Hello, this is Arini Esarey, the current book conservation intern from North Bennet Street School. I graduated from North Bennet in June and am thrilled to have these several months at Dartmouth to practice what I’ve learned in school and learn new treatments. One of the many interesting things about this lab is that Deborah and Stephanie got their bookbinding and conservation training from places other than North Bennet, so some of their methods are slightly different than what I learned. Perfect! That’s exactly what I hoped to find by studying with different people after finishing school.
Recently, Deborah and I sat down and talked about the course of the internship; what I have already completed and what lies ahead. There’s been immense freedom here to work on projects of personal interest and I’m so grateful for that. We made a two-page list of treatments to get through and are steadily checking them off. They range from basic to complex repairs of items from General Collections and Special Collections. To list a sampling: pamphlet resewing, Japanese tissue hinge repairs, spine repairs, board tacketing, production/batch work, paper deacidification, Ultrasonic encapsulation, disbinding books, and housing unusual items.
Some of the more memorable projects I’ve worked on have been treating a brittle volume of A Parody on Iolanthe; a printers proof copy of Indiana Home, written by a distant relative of mine, Logan Esarey (that was a thrill to run across); disbinding volumes of early 19th Century Medical Theses from the Dartmouth Medical School; housing a splinter of a wooden goalpost from the 1935 Dartmouth vs. Yale football game; and more recently, a set of cloth rebacks repaired using the method Todd Pattison detailed in his presentation at the Guild of Book Workers Standards of Excellence Seminar.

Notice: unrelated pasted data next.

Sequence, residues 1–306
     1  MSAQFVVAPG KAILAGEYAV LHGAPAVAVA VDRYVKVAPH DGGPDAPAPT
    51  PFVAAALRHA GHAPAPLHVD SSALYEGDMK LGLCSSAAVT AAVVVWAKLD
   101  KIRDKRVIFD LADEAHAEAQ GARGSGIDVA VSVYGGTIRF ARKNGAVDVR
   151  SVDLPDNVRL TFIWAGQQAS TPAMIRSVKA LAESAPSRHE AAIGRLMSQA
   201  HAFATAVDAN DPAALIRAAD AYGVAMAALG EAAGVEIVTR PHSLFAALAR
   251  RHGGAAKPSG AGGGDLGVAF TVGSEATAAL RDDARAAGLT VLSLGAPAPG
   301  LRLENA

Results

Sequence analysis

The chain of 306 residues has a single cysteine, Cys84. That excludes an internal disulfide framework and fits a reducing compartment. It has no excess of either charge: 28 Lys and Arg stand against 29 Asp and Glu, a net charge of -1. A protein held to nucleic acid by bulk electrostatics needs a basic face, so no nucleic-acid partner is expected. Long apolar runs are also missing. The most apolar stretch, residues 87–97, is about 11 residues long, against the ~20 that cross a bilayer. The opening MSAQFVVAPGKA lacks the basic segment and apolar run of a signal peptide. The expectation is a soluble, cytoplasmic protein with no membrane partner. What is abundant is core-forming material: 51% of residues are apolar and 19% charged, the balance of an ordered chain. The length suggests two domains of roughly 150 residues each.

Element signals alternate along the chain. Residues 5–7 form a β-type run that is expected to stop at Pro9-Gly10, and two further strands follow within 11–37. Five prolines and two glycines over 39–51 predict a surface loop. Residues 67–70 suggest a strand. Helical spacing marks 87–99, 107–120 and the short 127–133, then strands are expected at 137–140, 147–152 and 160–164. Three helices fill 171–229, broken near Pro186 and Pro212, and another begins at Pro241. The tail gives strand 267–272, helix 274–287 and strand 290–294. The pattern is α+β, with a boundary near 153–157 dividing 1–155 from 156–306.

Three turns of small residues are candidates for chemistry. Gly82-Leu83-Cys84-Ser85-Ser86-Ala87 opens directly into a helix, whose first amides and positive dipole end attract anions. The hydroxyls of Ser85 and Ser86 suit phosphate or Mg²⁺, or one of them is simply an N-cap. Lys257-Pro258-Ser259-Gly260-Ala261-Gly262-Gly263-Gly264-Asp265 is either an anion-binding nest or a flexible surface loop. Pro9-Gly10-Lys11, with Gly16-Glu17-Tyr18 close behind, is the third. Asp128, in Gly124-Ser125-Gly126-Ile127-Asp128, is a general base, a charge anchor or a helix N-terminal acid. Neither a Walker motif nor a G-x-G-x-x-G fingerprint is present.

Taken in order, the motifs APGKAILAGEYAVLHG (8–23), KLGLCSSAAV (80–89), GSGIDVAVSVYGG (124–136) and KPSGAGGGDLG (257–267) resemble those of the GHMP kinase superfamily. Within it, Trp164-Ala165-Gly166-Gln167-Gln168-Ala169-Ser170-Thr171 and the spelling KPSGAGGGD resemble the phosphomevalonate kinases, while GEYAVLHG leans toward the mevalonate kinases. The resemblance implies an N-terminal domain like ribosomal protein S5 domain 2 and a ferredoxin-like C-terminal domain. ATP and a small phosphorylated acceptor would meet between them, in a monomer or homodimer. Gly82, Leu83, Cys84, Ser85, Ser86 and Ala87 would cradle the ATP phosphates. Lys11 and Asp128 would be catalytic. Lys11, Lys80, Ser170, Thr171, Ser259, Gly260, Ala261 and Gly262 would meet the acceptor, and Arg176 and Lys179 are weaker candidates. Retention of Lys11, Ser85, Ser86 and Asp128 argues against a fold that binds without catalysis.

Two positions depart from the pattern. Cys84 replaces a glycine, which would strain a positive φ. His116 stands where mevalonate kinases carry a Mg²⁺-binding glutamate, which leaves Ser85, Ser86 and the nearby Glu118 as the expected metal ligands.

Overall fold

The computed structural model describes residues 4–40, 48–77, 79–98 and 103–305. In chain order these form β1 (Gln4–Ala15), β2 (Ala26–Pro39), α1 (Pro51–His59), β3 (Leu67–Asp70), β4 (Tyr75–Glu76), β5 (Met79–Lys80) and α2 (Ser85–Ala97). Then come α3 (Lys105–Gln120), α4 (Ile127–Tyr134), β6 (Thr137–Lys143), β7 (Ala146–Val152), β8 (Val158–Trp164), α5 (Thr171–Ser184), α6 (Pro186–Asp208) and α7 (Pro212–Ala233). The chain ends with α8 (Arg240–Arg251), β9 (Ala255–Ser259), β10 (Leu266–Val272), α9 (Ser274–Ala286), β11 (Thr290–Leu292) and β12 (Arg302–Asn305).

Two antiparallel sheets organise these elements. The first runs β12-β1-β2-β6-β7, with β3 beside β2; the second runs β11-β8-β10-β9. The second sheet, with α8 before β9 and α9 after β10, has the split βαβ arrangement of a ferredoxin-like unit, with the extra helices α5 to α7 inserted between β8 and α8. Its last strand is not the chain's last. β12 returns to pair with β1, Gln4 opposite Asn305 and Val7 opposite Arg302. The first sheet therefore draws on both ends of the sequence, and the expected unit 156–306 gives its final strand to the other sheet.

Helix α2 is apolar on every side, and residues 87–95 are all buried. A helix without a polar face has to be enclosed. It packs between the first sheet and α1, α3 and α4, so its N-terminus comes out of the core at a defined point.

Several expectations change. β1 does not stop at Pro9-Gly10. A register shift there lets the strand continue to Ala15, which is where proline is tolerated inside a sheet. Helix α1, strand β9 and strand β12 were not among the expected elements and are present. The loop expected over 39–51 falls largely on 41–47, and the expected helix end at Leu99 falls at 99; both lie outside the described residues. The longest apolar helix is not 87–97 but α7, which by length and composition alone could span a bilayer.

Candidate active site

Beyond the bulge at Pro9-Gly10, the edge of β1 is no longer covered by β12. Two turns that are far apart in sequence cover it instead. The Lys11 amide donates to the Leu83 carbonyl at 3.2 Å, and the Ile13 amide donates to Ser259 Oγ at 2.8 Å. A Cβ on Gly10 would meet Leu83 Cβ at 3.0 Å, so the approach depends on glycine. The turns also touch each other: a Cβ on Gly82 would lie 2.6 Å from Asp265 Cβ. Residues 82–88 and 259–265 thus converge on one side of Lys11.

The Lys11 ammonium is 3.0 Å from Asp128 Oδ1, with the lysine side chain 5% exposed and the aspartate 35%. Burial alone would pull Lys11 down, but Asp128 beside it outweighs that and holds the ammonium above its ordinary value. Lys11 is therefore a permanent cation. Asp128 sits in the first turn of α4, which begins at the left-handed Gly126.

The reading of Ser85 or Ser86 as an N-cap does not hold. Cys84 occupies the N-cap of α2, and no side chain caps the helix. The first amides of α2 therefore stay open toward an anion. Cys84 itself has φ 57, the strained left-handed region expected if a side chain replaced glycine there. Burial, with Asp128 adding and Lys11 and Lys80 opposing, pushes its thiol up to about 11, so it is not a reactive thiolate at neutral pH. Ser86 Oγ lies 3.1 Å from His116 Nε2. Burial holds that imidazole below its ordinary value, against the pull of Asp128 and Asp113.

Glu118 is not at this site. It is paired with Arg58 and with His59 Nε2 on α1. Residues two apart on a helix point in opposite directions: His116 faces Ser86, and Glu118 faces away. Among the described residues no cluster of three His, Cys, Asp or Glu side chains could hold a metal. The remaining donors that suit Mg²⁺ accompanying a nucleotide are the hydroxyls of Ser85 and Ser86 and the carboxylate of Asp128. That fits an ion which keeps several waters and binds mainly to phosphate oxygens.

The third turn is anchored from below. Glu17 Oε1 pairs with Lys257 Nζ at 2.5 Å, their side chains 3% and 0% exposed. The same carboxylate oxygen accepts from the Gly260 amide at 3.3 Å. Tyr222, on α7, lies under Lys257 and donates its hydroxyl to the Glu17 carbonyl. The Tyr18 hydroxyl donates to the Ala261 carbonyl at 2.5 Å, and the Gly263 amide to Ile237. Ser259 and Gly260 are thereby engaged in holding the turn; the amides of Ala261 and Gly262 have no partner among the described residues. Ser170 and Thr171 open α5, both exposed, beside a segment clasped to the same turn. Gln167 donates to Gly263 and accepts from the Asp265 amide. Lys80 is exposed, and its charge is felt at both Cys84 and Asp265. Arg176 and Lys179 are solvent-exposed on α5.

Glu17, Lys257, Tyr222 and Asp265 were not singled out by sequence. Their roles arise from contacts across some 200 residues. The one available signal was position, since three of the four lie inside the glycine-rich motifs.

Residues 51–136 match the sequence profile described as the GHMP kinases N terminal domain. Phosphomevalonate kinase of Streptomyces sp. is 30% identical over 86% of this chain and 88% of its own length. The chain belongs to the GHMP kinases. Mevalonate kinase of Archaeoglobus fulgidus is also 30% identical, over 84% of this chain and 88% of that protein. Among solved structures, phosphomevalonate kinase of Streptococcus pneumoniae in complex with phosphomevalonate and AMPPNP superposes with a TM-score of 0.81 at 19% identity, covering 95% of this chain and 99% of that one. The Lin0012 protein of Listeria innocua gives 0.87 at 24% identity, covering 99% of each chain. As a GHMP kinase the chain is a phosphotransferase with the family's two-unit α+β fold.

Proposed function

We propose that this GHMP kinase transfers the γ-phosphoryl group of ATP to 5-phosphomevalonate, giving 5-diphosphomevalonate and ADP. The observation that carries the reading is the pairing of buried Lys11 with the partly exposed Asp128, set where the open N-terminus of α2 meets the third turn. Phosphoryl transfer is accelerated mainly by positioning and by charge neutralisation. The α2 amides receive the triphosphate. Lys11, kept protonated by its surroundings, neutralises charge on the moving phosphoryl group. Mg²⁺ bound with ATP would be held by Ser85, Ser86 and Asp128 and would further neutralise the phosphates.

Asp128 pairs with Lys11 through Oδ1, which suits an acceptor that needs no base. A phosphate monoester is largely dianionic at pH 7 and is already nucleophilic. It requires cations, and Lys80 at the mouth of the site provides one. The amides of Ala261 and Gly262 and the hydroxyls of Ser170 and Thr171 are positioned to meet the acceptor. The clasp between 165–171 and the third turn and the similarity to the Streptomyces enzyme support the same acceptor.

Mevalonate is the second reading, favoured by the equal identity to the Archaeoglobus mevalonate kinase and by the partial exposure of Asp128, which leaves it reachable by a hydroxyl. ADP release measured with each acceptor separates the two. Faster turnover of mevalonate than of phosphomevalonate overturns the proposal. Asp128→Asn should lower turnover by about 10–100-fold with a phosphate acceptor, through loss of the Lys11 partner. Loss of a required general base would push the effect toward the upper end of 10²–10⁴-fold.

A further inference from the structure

A Parody on Iolanthe
Some of the pages were very brittle and others were not, so we decided to deacidify all pages, encapsulate the brittle ones, and leave loose the others. I rebound the book in its original boards with some modifications to account for the larger size of the encapsulated pages.
Pattison’s technique is interesting because the original spine pieces are torn off, rather than cut. This helps to make a more seamless, subtle repair. The outermost layer of Japanese tissue is toned on the book with acrylics to get a perfect color match. Doing these four in quick succession got me over my fear of coloring on the book and I quite like it now.
Some of the handwritten scripts in the medical theses are gorgeous. Aren’t the title flourishes beautiful?! I’m a little bit jealous that they could hand write such short theses (they are anywhere from 2-20 pages) with no citations or references. Stephanie found one today that even included a postscript. Oh, how times have changed.
I should mention that in addition to conservation work this internship includes individual meetings with staff from different departments and tours of departments and libraries on campus. As much as I do love bench work, it’s been valuable to step away and see how conservation work fits into the larger scope of the library. For example, I’ve sat in on meetings with Special Collections to determine treatment plans for items in the library and met with others to learn how Preservation Services fits into the current digitization projects.
We’ve also had special guests come to us. Malcolm Summers gave us a daylong tutorial on gold tooling and Anna Embree spent a few days with us showing us conservation tricks, how to repair our board shears, and general shop talk. There has been a great sense of community here in the department, the library as a whole, and region. My time here has been filled with bench work, hands-on demonstrations, lively discussions, and good music. Thanks everyone.
Written by Arini Esarey